When food opportunity knocks

Among the talent that shows up to work at the family restaurant in my novel What’s Left is a very, very talented baker. As they conversed with him, they could smell opportunity.

Still, these two lines were more than the scene needed:

What can you do here with what we have?

Pierre rolls out a list. We’re impressed.

Oh, I’m so glad Cassia stopped talking like this! In the final version, she’s pretty snippy.

~*~

Let’s just say everyone rose to the occasion. As a result, he started making real French bread to southern Indiana – and a lot more many of us take for granted nowadays.

Of course, the world doesn’t always come to you. When it comes to food or drink, where would you like to travel? Or, for that matter, return?

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Ten reasons I love my electric lawnmower

  1. Starts easily. Just push a button rather than trying to yank that cord.
  2. There’s no cord to break. (Ever had that happen?)
  3. I don’t have to buy gasoline.
  4. It’s far less polluting. Lawnmower emissions are notorious.
  5. It’s quiet. I won’t wake the neighbors.
  6. Lightweight and easy to maneuver.
  7. And it folds up easily, for storage or transportation.
  8. If it needs to go in the car, there’s no gasoline to spill.
  9. Never needs sharpening. The blades are designed with rounded edges. For that matter, there’s no annual tune-up.
  10. The rechargeable battery also fits my weed whacker and other yard gadgets I’ll likely be adding. I’ve heard some good things about the chainsaw.

 

Anyone else running on rechargeable batteries?

Getting ready for the big moves to begin

By this point in the story, we have what could well be a business-based fairy tale. Everything seems blessed. For me, as the author, this required a lot of business-cap thinking. For the reader, though, many parts can be distilled and compressed – a suggestion rather than detailed descriptions will do.

Here’s how part of the timetable stood in an earlier draft of my novel What’s Left:

We modify our plan. Bliss will open first, at the beginning of summer. It requires minimal behind-the-scenes support and will give us a sense of the new building’s food storage and laundry functions. The traditional Carmichael’s and Taverna would close for the month of August and reopen in the new space at the beginning of the school year – each with twice the seating of before. Graham worries that what’s felt cozy might now feel cavernous if we don’t attract a lot of new clientele.

Barney will have his hands full training staff and adjusting to the expanded operation. What dawns on us is that we’ll be veering sharply away from a purely family-centered operation. We’ll have to rely on a large staff. The kitchen design, for one thing, now has men’s and a women’s locker rooms, plus staff restrooms. Not everyone can run home to wash up and change into uniform, not the way we have with Big Pink around the corner. Will Barney be comfortable in his new role? This, too, is a gamble. If nothing else, though, he needs an office to shelve his cookbooks.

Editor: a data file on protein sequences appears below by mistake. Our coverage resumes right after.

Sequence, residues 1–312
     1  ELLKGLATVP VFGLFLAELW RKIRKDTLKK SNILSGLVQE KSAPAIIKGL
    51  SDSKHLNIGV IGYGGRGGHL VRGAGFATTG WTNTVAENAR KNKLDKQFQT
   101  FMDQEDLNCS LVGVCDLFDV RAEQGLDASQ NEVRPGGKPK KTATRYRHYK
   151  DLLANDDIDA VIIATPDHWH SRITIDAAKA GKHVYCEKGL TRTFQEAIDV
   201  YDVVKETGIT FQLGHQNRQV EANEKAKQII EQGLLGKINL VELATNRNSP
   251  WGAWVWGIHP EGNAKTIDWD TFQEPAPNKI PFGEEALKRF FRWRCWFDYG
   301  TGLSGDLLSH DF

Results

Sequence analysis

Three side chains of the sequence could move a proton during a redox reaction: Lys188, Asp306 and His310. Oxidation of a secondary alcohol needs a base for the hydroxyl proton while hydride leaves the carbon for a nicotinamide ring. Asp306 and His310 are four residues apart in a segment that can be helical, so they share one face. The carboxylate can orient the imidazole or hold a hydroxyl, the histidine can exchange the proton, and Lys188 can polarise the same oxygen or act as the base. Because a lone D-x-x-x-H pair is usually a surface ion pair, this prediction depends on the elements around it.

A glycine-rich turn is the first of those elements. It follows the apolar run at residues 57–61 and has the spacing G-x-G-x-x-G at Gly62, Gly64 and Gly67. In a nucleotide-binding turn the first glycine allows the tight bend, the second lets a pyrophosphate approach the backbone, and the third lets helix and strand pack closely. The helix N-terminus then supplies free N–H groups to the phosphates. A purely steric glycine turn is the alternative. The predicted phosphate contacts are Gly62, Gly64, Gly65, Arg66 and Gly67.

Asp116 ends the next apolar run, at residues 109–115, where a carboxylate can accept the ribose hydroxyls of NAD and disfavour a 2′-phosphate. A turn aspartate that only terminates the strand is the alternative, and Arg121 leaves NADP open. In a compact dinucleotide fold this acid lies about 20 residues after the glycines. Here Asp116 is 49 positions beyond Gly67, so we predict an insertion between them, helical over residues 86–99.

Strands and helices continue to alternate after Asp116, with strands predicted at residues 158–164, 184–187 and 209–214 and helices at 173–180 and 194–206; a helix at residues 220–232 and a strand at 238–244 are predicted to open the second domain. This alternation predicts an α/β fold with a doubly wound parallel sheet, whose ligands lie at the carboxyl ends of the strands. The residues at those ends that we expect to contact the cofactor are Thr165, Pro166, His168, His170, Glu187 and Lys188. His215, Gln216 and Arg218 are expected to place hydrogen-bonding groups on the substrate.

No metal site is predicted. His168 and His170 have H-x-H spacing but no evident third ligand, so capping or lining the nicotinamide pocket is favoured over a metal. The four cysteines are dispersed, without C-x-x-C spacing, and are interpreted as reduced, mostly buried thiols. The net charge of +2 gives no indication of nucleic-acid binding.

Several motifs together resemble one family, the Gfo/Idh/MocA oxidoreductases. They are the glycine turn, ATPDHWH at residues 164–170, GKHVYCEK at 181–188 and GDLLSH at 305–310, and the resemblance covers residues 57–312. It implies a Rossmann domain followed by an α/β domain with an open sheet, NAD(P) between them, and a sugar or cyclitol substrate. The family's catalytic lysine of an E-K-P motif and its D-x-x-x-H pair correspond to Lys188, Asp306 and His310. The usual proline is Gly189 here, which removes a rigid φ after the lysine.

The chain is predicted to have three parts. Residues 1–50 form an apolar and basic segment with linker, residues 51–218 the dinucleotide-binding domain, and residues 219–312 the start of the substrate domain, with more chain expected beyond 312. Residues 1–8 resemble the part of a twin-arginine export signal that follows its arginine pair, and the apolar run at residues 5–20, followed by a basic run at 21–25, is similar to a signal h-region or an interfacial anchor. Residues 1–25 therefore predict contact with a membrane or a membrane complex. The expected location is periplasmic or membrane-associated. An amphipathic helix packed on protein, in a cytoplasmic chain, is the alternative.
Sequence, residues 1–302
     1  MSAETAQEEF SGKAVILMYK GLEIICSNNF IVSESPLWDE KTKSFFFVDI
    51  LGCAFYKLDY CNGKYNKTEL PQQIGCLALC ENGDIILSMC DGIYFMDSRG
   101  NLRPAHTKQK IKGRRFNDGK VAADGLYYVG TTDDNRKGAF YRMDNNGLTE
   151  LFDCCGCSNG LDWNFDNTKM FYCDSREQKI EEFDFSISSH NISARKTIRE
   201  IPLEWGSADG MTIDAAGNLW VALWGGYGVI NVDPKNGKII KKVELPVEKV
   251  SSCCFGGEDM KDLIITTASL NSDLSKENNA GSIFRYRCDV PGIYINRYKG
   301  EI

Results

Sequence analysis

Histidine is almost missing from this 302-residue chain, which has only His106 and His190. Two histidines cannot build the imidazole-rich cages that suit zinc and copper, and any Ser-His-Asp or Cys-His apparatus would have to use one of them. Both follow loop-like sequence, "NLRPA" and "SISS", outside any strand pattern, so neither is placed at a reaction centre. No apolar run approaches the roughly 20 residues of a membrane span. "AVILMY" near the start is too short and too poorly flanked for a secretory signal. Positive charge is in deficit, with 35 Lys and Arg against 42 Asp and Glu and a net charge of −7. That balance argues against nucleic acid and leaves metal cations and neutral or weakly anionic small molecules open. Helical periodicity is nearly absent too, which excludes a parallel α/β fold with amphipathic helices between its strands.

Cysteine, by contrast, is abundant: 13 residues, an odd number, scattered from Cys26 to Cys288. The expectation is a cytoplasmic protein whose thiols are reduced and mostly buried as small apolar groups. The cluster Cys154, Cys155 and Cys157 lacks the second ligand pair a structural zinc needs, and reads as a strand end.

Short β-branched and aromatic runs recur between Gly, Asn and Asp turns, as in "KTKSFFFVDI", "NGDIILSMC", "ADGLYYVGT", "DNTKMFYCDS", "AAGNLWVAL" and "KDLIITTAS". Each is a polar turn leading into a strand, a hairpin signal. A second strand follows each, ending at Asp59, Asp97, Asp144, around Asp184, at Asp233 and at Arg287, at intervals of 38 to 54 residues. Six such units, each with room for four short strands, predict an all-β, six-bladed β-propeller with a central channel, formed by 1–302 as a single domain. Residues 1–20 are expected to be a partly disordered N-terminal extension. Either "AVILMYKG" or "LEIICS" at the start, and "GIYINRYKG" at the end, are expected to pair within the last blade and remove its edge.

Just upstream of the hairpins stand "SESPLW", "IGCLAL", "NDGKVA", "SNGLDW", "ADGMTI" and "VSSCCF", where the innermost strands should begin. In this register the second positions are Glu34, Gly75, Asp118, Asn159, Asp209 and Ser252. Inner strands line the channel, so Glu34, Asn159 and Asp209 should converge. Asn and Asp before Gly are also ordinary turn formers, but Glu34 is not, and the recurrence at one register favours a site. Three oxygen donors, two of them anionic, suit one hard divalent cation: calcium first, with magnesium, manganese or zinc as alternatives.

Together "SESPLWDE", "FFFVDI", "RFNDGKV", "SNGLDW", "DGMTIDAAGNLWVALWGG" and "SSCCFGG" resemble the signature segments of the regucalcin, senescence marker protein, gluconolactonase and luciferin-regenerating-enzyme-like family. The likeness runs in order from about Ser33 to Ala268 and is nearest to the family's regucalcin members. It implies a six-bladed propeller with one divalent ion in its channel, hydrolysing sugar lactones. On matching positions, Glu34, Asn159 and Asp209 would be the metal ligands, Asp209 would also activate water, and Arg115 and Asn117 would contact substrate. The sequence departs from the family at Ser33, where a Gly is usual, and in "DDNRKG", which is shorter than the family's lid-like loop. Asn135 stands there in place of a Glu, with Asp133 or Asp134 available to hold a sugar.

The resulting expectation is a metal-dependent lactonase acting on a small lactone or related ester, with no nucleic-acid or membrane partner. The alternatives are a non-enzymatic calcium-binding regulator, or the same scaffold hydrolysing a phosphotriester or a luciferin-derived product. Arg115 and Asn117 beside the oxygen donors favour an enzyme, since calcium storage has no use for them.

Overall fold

Oh, I’m so glad Cassia stopped talking like this! In the final version, she’s pretty snippy.

~*~

Someplace around here I should have been asking myself what Harry Potter would have done in this situation. Despite the fact that many of these details are among those I turned up in my research, I’m on some very unfamiliar ground, as one insider reminds me.

If you’ve ever worked in a commercial kitchen, what would you most want to see in the new Carmichael’s? What common-sense touch would be most welcome from the workers’ end? What improvement is usually overlooked?

A little more lighting on their restaurant redesign

How trendy do we want their restaurant upgrade to be? It’s a great location they’re developing, and they already have an established reputation.

Here’s another passage I cut from the final version of my novel What’s Left:

Barney also welcomes the opportunity to have a menu more in tune with our vegetarian precepts. At first, he reasons this would naturally go in the cellar – Carmichael’s Underground, as he dubs. But we want natural light in the vegetarian enterprise and the building sits right at the edge of the sidewalk, so basement windows are out of the question.

The basement is more suited to the Taverna anyway,

Oh, I’m so glad Cassia stopped talking like this! In the final version, she’s pretty snippy.

~*~

Hey, how about taking a break to make time for a shout-out? Who are some of your favorite food bloggers? What makes them stand out for you? I’m curious how many of your choices are ones my wife already follows.

 

Ten conversational Greek words or phrases

Since these are transcribed from the Hellenic alphabet, their spellings in Latin script can vary.

Here are ten.

  1. Yasou. Hello.
  2. Kalos orises. Welcome.
  3. Ti kanete. How are you?
  4. Ine kalo. That’s good.
  5. Ne. Yes.
  6. Ohi. No.
  7. Signomi. Excuse me.
  8. Efharisto. Thank you.
  9. Parakalo. Please. Also, you’re welcome.
  10. Goodbye. Andio sas.

I’ll leave the swear words to Cassia in my novel What’s Left. Especially the ones she learned at church camp.